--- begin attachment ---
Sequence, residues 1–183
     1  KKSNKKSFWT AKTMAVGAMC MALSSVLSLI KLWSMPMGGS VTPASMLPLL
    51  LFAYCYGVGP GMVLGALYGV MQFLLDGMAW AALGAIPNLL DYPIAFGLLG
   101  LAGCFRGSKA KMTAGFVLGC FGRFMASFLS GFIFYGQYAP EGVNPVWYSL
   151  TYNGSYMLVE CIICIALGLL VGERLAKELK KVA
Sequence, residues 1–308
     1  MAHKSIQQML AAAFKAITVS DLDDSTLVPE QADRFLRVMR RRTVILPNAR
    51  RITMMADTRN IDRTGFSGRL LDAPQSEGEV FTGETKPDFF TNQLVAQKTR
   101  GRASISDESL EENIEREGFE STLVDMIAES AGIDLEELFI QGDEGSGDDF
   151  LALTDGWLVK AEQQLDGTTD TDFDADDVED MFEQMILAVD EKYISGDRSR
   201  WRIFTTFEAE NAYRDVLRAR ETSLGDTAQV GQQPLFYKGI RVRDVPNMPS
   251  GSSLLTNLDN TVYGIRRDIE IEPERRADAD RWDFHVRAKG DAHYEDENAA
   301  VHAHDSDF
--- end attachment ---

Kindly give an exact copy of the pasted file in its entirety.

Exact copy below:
Sequence, residues 1–183
     1  KKSNKKSFWT AKTMAVGAMC MALSSVLSLI KLWSMPMGGS VTPASMLPLL
    51  LFAYCYGVGP GMVLGALYGV MQFLLDGMAW AALGAIPNLL DYPIAFGLLG
   101  LAGCFRGSKA KMTAGFVLGC FGRFMASFLS GFIFYGQYAP EGVNPVWYSL
   151  TYNGSYMLVE CIICIALGLL VGERLAKELK KVA
Sequence, residues 1–308
     1  MAHKSIQQML AAAFKAITVS DLDDSTLVPE QADRFLRVMR RRTVILPNAR
    51  RITMMADTRN IDRTGFSGRL LDAPQSEGEV FTGETKPDFF TNQLVAQKTR
   101  GRASISDESL EENIEREGFE STLVDMIAES AGIDLEELFI QGDEGSGDDF
   151  LALTDGWLVK AEQQLDGTTD TDFDADDVED MFEQMILAVD EKYISGDRSR
   201  WRIFTTFEAE NAYRDVLRAR ETSLGDTAQV GQQPLFYKGI RVRDVPNMPS
   251  GSSLLTNLDN TVYGIRRDIE IEPERRADAD RWDFHVRAKG DAHYEDENAA
   301  VHAHDSDF